Gene therapy pioneer led St. Jude through unprecedented growth
Gene therapy pioneer Arthur W. Nienhuis, MD, the fourth director of St. Jude Children’s Research Hospital, died Wednesday, February 3. He was 79. Under his leadership, the hospital grew exponentially in both size and scientific stature.
“At St. Jude, the nature of our work requires a bold, ambitious approach. Dr. Nienhuis was a true innovator,” said James R. Downing, MD, president and CEO of St. Jude. He was a tenacious researcher and unafraid of a challenge. This unique talent and passion for discovery made an indelible mark on pediatric medicine and gene therapy. Our institution and, more importantly, countless patients, continue to benefit from his vision and courage.”
Nienhuis arrived at St. Jude in 1993, lured away from his posts as chief of clinical hematology and deputy clinical director at the National Institutes of Health’s Heart, Lung, and Blood Institute. Attracted by what he called “the extraordinary quality” of St. Jude,” he admitted that, “Once I was here for about half an hour, I realized that this was the job I would really like to do.”
Chuck Sherr, MD, PhD, was on the search committee that recruited Nienhuis to St. Jude.
“When our committee recommended Art’s candidacy to our Board of Governors, some advisers were strongly of the opinion that a non-pediatrician could not serve as the leader of St. Jude, then best known for its respected clinical program in childhood leukemia,” said Sherr, Tumor Cell Biology chair at St. Jude. “However, Art’s credentials as a physician, scientist and administrative program leader ultimately convinced any naysayers that he could do the job.”
Nienhuis oversaw one of the most dramatic eras of growth in the hospital’s history. During what is known as the “billion-dollar expansion,” St. Jude built the Children’s GMP facility; the Hartwell Center; the Memphis Grizzlies House, now known as Tri Delta Place; the Integrated Research Center, which was later renamed the Donald P. Pinkel, MD, Research Tower; and acquired St. Joseph’s Hospital. Nienhuis oversaw creation of the Departments of Developmental Neurobiology and Structural Biology. He also strengthened programs in experimental hematology, bone marrow transplantation, pediatric oncology and infectious diseases by recruiting new department chairs and institutional leaders.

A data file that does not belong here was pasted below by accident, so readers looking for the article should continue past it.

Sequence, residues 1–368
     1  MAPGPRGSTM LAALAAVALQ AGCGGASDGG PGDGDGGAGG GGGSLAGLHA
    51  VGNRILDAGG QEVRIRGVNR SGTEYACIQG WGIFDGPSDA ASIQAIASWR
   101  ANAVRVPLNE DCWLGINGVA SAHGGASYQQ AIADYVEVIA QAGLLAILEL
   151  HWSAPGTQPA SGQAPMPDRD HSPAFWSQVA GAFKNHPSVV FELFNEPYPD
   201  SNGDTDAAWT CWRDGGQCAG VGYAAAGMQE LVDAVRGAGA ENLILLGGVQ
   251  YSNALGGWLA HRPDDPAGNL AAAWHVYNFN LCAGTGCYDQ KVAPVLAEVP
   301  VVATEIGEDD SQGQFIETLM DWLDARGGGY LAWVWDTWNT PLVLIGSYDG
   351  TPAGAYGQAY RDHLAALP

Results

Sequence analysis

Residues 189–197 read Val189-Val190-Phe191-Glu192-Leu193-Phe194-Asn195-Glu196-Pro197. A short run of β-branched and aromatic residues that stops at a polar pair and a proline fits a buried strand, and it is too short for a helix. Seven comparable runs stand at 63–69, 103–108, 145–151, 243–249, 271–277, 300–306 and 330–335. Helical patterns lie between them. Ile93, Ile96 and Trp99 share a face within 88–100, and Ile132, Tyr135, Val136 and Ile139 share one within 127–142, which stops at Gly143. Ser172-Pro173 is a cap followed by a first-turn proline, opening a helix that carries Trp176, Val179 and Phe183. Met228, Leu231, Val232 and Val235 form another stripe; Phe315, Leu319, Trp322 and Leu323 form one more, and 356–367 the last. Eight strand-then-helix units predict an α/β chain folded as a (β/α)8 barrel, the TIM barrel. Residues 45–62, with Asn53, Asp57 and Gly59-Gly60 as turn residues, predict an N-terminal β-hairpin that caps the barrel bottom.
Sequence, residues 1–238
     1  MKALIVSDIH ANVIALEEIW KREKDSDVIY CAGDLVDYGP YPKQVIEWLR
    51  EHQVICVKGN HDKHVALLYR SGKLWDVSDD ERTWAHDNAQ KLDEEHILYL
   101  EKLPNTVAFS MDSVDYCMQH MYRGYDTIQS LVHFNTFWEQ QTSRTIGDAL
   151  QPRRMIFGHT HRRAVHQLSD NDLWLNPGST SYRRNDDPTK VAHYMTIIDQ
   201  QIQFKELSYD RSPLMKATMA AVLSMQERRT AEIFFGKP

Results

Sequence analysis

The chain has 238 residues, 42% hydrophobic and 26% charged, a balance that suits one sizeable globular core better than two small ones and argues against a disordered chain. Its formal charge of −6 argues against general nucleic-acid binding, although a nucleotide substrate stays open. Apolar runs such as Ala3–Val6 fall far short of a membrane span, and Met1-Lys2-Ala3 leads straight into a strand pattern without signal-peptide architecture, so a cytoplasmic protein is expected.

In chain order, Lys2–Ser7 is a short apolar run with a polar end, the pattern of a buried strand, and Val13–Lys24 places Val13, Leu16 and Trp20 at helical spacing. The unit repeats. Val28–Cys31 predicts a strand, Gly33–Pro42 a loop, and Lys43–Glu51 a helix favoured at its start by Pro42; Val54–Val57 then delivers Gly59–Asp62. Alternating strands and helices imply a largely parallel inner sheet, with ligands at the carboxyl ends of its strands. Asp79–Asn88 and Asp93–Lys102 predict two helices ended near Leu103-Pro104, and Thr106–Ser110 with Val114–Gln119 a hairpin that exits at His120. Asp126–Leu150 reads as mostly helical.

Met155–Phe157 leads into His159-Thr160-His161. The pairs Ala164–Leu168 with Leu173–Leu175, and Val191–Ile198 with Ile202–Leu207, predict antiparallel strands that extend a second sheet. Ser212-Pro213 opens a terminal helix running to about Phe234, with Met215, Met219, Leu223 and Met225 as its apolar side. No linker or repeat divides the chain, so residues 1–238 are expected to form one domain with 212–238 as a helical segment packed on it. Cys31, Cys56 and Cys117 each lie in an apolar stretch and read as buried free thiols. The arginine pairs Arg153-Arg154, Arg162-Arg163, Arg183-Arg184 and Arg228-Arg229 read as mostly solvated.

Only months after arriving at St. Jude, Nienhuis championed the idea of establishing a pediatric brain tumor program as a new clinical enterprise supported by a Developmental Neurobiology Department.
“The rest is history, given St. Jude’s subsequent commitment to pediatric brain tumor research and treatment,” Sherr said.
Nienhuis was a world leader in the fields of hematology and gene therapy, serving as president of the American Society of Hematology in 1994 and the American Society of Gene Therapy in 2008. When he arrived at St. Jude, he was convinced that gene therapy would one day transform the practice of medicine—allowing clinicians to treat diseases caused by single-gene defects. He proceeded to recruit scientists; establish a program; and build a $34 million GMP facility, where St. Jude could manufacture gene therapy vectors, monoclonal antibodies and vaccines. One project that emerged from that effort was research on X-linked severe combined immune deficiency, or SCID-X1. His work with the late Brian Sorrentino, MD, of St. Jude Experimental Hematology resulted in a cure for that disease, which was published in the New England Journal of Medicine in 2019.
Another transformational project involved the development of gene transfer for the treatment of hemophilia. His work with Andrew Davidoff, MD, St. Jude Surgery chair, led to a clinical trial that transformed life for men with a severe form of hemophilia B by providing a safe, reliable source of the blood clotting protein factor IX.